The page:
The number of influenza cases have skyrocketed nationwide in recent weeks, and those numbers are being mirrored at a Topeka hospital, with influenza cases nearly tripling since early December.
Stormont Vail Health reported 74 cases of Type A influenza and three cases of Type B during the week ending Dec. 16, spokeswoman Rebecca Witte said. But in the week ending Jan. 6, those numbers jumped to 210 Type A cases and 17 Type B cases.
University of Kansas Health System St. Francis Campus began seeing elevated influenza cases during the last week of December, said spokeswoman Tyra Palmer. From Dec. 27, 2017, through Jan. 2, 2018, there were 27 confirmed cases Type A cases and two Type B. The following week, the total number of confirmed cases rose to 44.
“The peak is hitting earlier this year, but the numbers so far are consistent with last year’s peak,” she said.
Area health authorities are encouraging Kansans to get vaccinated, despite concerns raised nationally that the flu vaccine is not as effective against one strain of flu, the H3N2 viruses, this year.
“Realistically, what we’re noticing is that, yes, the strain that they anticipated was not the strain that we are seeing,” said Craig Barnes, interim spokesman for the Shawnee County Health Department. “But we would still recommend that people get their flu vaccine on the chance that it would at least lessen the effects of the flu and make it a little bit easier for them to combat it.”
The Centers for Disease Control and Prevention responded online to reports that the flu vaccine this year is only 10 percent effective, explaining that number being reported is an estimate from Australia’s most recent flu season relating to the H3N2 virus. Typically, the year’s flu season hits Australia before it hits the United States.
“In the United States last season, overall vaccine effectiveness against all circulating flu viruses was 39 percent, and VE (vaccine effectiveness) was only a bit lower (32 percent) against H3N2 viruses,” the CDC said. “Vaccine effectiveness against other flu viruses (i.e., H1N1 or B viruses) was higher.”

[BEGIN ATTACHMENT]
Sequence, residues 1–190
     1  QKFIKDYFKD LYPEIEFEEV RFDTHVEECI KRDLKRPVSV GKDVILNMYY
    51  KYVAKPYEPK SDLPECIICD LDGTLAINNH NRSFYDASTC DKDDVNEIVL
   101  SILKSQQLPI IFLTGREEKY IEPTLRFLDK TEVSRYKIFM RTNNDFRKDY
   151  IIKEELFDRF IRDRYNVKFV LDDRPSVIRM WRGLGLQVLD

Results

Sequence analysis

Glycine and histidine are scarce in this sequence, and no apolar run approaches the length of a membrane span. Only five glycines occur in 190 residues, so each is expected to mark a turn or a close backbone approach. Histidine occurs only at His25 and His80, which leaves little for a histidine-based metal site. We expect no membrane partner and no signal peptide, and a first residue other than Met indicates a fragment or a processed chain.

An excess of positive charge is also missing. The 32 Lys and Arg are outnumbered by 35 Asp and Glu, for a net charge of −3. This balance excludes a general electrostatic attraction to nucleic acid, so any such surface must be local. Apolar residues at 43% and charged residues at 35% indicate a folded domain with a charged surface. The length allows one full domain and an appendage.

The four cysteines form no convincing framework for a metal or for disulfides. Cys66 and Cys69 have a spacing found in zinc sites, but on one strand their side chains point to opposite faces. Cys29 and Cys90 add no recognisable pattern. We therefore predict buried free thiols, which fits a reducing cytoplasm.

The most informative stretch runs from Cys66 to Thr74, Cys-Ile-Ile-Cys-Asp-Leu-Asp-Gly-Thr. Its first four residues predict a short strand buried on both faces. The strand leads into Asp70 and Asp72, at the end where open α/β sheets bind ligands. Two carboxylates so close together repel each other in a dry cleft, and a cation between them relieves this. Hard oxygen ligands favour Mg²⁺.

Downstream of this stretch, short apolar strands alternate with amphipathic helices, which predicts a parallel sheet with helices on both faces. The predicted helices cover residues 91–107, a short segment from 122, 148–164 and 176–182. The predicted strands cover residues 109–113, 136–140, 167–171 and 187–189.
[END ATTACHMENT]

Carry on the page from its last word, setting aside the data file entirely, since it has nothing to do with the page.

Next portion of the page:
The CDC said it’s too early to estimate this year’s U.S. flu vaccine effectiveness.
Korri Phillips, M.D., medical director of Stormont Vail’s urgent care clinics, agreed with Barnes that the vaccine can lower the flu’s impact.
“For the majority of the people that have gotten their flu shots, the fever has been a little bit lower, 101 or 102,” she said. “For some people who haven’t gotten their flu shots, it’s 103. The fever lasts for three to five days, usually. The whole illness lasts for about five to seven days.”
In addition, the flu shot can lessen the chance of developing secondary illnesses from the flu, such as pneumonia or meningitis, Phillips said.
The flu is characterized by a rapid onset, fever, body aches, chills and a deep cough, Phillips said. When the flu becomes widespread as it is right now, she said they stop testing everybody for it and call the diagnoses “influenza-like illnesses.”
The urgent care clinics have been inundated with patients, seeing about 200 to 250 people per day, with about one-third of those having flu or influenza-like illnesses, Phillips said. Stormont hospital beds are full.
People who are not in high-risk groups do not necessarily need to see a doctor for the flu, Phillips said, but can stay home, drink plenty of fluids and rest. High-risk individuals are children under 5 (and especially under 1 year of age), the elderly, pregnant women and anyone with significant medical issues such as immune system disorders, cancer and congestive heart failure.
“According to our infection control specialists, the best way to prevent the spread of the flu is to get vaccinated and wash your hands often with soap and water or an alcohol-based hand rub,” Palmer said. “If you do experience flu-like symptoms, stay home until you’ve been fever-free for at least 24 hours, except to receive medical care, and limit contact with others as much as possible to keep from infecting them.”